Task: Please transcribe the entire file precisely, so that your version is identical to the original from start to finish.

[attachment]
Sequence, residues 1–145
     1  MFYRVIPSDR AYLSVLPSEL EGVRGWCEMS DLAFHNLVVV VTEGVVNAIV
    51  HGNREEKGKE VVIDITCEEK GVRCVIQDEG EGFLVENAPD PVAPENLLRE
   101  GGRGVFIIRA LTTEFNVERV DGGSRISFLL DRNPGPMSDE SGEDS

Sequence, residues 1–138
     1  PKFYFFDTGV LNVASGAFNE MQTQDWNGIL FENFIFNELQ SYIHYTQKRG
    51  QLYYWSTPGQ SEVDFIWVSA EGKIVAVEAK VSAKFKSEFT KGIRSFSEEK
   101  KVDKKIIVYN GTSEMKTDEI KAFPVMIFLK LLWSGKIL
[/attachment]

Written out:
Sequence, residues 1–145
     1  MFYRVIPSDR AYLSVLPSEL EGVRGWCEMS DLAFHNLVVV VTEGVVNAIV
    51  HGNREEKGKE VVIDITCEEK GVRCVIQDEG EGFLVENAPD PVAPENLLRE
   101  GGRGVFIIRA LTTEFNVERV DGGSRISFLL DRNPGPMSDE SGEDS

Sequence, residues 1–138
     1  PKFYFFDTGV LNVASGAFNE MQTQDWNGIL FENFIFNELQ SYIHYTQKRG
    51  QLYYWSTPGQ SEVDFIWVSA EGKIVAVEAK VSAKFKSEFT KGIRSFSEEK
   101  KVDKKIIVYN GTSEMKTDEI KAFPVMIFLK LLWSGKIL